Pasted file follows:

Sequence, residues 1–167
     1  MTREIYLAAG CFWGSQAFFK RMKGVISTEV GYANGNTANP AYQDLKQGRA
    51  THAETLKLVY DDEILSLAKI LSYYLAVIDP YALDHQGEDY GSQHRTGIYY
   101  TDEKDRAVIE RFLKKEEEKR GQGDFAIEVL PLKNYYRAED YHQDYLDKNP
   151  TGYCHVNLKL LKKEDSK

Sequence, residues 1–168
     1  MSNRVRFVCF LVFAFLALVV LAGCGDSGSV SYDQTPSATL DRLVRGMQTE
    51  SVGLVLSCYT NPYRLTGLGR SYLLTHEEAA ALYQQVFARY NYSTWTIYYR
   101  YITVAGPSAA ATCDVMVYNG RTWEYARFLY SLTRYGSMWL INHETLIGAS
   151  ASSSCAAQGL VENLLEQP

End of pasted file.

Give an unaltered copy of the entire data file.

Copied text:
Sequence, residues 1–167
     1  MTREIYLAAG CFWGSQAFFK RMKGVISTEV GYANGNTANP AYQDLKQGRA
    51  THAETLKLVY DDEILSLAKI LSYYLAVIDP YALDHQGEDY GSQHRTGIYY
   101  TDEKDRAVIE RFLKKEEEKR GQGDFAIEVL PLKNYYRAED YHQDYLDKNP
   151  TGYCHVNLKL LKKEDSK

Sequence, residues 1–168
     1  MSNRVRFVCF LVFAFLALVV LAGCGDSGSV SYDQTPSATL DRLVRGMQTE
    51  SVGLVLSCYT NPYRLTGLGR SYLLTHEEAA ALYQQVFARY NYSTWTIYYR
   101  YITVAGPSAA ATCDVMVYNG RTWEYARFLY SLTRYGSMWL INHETLIGAS
   151  ASSSCAAQGL VENLLEQP